Walt Whitman was a poet of great standing. His book, Leaves of Grass, published in 1876, is full of inspirational messages for poets everywhere.
Song of Myself, a poem with over 50 parts, is a deep "song" of Whitman, and aptly portrays him as he believed himself to be.
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Song of Myself, Part 1
I celebrate myself, and sing myself,
And what I assume you shall assume,
For every atom belonging to me as good belongs to you.
I loaf and invite my soul,
I lean and loaf at my ease observing a spear of summer grass.
My tongue, every atom of my blood, formed from this soil, this air,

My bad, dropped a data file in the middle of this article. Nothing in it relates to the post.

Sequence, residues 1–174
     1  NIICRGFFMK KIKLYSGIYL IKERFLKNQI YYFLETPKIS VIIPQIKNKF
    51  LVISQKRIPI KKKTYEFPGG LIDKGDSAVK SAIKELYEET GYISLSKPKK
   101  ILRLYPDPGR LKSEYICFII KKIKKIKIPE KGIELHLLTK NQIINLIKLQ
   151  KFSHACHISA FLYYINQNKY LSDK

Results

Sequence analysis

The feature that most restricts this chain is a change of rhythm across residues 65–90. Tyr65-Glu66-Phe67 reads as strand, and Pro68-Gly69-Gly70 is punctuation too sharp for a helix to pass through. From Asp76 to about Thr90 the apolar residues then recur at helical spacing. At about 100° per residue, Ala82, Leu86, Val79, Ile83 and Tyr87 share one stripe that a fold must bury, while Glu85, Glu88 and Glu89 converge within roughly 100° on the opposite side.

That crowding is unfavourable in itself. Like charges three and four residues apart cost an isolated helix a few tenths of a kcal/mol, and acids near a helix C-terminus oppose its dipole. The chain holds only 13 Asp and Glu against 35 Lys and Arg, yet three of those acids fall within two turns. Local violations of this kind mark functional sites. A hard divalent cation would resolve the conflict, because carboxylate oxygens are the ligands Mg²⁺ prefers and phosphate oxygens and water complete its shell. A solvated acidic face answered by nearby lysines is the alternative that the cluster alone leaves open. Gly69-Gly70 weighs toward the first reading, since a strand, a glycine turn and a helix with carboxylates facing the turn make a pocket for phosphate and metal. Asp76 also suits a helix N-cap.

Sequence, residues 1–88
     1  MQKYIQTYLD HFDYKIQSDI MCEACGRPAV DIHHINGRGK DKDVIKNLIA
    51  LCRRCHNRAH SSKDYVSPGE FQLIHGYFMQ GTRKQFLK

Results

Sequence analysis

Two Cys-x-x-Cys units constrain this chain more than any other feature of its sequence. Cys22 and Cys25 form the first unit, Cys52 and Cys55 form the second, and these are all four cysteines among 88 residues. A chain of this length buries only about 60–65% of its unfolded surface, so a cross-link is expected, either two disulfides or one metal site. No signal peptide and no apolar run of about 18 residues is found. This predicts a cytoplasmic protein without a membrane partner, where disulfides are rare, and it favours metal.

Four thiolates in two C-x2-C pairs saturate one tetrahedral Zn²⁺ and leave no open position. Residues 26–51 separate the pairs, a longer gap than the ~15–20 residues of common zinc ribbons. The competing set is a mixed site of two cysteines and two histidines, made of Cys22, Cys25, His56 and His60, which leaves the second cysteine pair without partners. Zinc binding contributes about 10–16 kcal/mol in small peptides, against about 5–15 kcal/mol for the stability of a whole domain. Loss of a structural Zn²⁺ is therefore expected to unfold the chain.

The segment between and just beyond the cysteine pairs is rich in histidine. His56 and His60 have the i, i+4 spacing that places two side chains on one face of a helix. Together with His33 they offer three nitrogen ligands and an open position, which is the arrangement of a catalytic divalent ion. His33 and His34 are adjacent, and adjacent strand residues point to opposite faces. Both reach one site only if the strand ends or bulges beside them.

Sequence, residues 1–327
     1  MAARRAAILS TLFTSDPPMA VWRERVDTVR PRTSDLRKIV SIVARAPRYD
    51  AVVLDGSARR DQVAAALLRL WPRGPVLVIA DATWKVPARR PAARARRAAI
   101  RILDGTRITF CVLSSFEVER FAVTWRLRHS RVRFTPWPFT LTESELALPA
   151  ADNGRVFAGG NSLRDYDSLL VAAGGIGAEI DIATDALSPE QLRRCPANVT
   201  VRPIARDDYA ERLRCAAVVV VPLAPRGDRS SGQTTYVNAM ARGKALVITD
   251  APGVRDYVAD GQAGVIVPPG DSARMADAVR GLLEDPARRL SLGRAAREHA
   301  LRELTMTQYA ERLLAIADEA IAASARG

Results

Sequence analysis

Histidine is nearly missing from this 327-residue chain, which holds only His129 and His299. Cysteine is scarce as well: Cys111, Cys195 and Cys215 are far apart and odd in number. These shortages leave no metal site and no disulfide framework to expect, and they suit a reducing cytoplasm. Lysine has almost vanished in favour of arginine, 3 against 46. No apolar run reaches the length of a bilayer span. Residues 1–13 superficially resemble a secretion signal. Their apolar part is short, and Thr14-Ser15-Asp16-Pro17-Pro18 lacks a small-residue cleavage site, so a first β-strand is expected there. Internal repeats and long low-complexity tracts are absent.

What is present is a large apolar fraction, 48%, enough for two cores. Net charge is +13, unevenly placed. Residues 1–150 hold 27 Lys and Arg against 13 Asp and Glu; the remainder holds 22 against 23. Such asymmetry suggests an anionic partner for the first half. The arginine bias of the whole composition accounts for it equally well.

Born here of parents born here from parents the same, and their parents the same,
I, now thirty seven years old in perfect health begin,
Hoping to cease not till death.
Creeds and schools in abeyance,
Retiring back a while sufficed at what they are, but never forgotten,
I harbor for good or bad, I permit to speak at every hazard,
Nature without check with original energy.
Walt Whitman Circle Home Page
A short but informative biography
Leaves of Grass, By Walt Whitman
The Poetry of Walt Whitman
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